Follow these winter safety tips during your winter pregnancy to protect your heart, stay healthy, avoid falls, and be prepared for an emergency delivery.
Cold and extreme weather can pose extra risks for you and your baby. Take precautions to stay healthy and safe this weather, both during your pregnancy and in the case of an emergency delivery.
If you feel extra clumsy, that’s not your imagination. Weight gain, decreased abdominal strength, relaxing muscles and ligaments, and changes in your spinal alignment have all been found to shift your center of gravity during pregnancy and decrease your balance. This makes you more likely to fall, which is dangerous for both you and your baby.
This risk increases in winter, when cold weather reduces muscle coordination and icy surfaces make falling more likely. To avoid falls, wear flat shoes with good traction. If it is snowing or icy out, wear boots intended for winter weather, move slowly, and be careful when using stairs.
Pregnancy and heart health in winter
While you are pregnant, the volume of blood in your body can increase by as much as 50 percent. Pumping all this blood puts extra strain on your heart and may cause high blood pressure during pregnancy. Studies have found that these changes put pregnant women at an increased risk for heart attacks, even if they have not had a heart condition before.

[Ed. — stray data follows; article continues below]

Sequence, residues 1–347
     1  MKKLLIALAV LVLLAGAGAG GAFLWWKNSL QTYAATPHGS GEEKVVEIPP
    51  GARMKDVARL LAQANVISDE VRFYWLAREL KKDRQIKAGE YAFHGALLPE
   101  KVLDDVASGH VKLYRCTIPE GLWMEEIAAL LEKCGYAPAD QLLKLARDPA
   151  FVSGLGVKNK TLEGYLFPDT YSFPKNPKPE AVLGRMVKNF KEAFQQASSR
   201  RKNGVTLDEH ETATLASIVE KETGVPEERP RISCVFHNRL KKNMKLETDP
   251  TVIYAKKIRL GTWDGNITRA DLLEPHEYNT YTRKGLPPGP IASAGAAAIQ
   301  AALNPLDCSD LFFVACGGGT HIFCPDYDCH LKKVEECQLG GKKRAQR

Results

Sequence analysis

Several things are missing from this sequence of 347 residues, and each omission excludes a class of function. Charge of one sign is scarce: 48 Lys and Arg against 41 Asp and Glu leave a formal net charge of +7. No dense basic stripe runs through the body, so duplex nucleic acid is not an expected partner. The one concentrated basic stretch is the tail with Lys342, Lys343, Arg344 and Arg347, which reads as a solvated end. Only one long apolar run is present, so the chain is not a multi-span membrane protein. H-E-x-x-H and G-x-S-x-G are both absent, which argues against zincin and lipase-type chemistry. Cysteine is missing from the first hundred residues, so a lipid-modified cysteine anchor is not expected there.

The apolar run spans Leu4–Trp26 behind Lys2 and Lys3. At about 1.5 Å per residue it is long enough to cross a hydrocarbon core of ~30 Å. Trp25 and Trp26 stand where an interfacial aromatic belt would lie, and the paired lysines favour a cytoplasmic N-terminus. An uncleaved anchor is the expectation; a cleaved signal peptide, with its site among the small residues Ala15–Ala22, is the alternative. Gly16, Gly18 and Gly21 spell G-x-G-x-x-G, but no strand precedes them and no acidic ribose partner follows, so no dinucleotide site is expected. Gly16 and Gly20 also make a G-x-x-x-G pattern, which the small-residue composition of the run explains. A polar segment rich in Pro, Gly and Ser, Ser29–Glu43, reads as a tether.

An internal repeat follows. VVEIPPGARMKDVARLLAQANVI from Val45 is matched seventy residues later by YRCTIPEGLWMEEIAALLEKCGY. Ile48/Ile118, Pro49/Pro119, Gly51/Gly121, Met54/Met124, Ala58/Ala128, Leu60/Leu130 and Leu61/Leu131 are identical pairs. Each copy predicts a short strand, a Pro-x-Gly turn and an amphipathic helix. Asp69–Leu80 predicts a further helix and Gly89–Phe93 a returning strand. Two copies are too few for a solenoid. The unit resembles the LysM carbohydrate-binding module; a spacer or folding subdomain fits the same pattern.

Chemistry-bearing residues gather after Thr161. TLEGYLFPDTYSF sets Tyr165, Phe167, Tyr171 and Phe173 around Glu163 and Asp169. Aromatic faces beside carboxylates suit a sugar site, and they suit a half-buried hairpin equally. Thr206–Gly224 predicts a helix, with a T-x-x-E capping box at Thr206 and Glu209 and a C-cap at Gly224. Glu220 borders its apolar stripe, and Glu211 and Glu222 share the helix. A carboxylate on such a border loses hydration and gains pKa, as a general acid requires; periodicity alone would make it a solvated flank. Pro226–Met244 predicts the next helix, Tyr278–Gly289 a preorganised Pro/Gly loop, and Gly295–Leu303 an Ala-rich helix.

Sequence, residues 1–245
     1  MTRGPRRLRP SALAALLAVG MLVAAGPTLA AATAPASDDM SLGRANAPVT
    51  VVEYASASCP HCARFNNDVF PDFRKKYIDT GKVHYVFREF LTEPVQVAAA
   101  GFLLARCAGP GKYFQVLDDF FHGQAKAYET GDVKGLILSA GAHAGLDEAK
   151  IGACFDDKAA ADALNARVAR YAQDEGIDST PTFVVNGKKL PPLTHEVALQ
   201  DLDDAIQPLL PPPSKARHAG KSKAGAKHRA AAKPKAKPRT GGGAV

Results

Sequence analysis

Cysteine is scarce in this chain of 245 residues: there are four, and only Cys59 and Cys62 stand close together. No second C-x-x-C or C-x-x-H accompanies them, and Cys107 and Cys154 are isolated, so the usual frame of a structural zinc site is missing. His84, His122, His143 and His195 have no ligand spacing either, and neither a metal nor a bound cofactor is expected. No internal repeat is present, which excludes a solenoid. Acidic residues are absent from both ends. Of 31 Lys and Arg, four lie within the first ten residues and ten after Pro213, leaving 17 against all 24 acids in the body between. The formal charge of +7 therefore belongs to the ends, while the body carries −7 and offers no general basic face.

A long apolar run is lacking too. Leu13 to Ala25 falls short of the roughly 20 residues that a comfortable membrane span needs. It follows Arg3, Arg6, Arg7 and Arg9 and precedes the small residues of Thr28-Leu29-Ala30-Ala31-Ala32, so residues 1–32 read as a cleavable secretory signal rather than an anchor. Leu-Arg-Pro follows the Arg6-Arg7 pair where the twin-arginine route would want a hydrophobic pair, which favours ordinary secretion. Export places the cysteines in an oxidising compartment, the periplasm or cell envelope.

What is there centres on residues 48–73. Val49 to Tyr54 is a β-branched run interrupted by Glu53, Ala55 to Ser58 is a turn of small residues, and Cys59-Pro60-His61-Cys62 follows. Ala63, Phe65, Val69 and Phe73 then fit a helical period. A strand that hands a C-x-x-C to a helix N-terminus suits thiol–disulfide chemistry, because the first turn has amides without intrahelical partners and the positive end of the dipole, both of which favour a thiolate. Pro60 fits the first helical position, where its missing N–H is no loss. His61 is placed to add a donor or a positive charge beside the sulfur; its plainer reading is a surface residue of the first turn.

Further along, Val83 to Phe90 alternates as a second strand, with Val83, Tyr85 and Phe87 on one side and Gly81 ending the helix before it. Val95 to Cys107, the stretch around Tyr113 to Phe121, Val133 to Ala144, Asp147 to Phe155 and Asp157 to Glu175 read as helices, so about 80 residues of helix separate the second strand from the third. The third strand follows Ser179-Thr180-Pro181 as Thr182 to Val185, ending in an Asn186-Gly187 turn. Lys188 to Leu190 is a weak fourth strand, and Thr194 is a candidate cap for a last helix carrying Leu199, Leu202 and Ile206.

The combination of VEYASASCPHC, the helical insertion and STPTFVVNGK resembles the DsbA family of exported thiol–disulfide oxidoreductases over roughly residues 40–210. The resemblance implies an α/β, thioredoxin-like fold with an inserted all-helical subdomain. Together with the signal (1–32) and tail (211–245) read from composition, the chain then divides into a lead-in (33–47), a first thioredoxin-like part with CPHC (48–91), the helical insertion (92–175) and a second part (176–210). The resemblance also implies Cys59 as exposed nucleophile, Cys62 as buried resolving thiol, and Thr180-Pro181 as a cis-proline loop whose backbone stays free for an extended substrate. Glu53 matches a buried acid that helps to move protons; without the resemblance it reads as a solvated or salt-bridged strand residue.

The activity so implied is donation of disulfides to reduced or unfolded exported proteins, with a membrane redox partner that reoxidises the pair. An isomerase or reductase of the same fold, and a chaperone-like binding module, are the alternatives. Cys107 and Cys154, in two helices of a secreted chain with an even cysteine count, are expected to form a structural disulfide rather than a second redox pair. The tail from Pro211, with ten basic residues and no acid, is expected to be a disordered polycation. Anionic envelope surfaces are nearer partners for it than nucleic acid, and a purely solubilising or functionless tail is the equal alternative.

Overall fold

This risk becomes higher during winter, as cold weather causes your arteries to narrow and makes it harder for your heart to work.
To lower your risk of cardiac events, see your medical provider regularly to have your blood pressure checked. You may also need to avoid strenuous outdoor activities, such as shoveling snow, during cold weather. These activities can put pregnant women at risk for heart attack, especially if you already have a heart condition.
Staying active in the winter
Exercises that improve your balance and posture can help decrease your risk of falling, and staying active during pregnancy will improve your circulation, keep your heart healthy, and help you stay strong for labor and delivery.
Because cold weather can put a strain on your heart and lungs, however, it may be safer to exercise indoors if you are pregnant in the winter. You should also avoid winter sports, such as skiing or sledding, as these increase your risk of falling and can cause trauma to your baby.
Hydrating during pregnancy
During colder months, you are less likely to become overheated or sweaty, so it may be more difficult to remember to drink extra water. However, your body uses water at a higher rate during pregnancy, creating the placenta, amniotic fluid, and the extra blood volume in your body.
Whether you are exercising or not, you should drink enough water during the day that your urine stays light yellow or clear, even during cold months. You should avoid drinks with high amounts of caffeine or sugar, such as soda.
February 01, 2018
Janet O’Dell, RN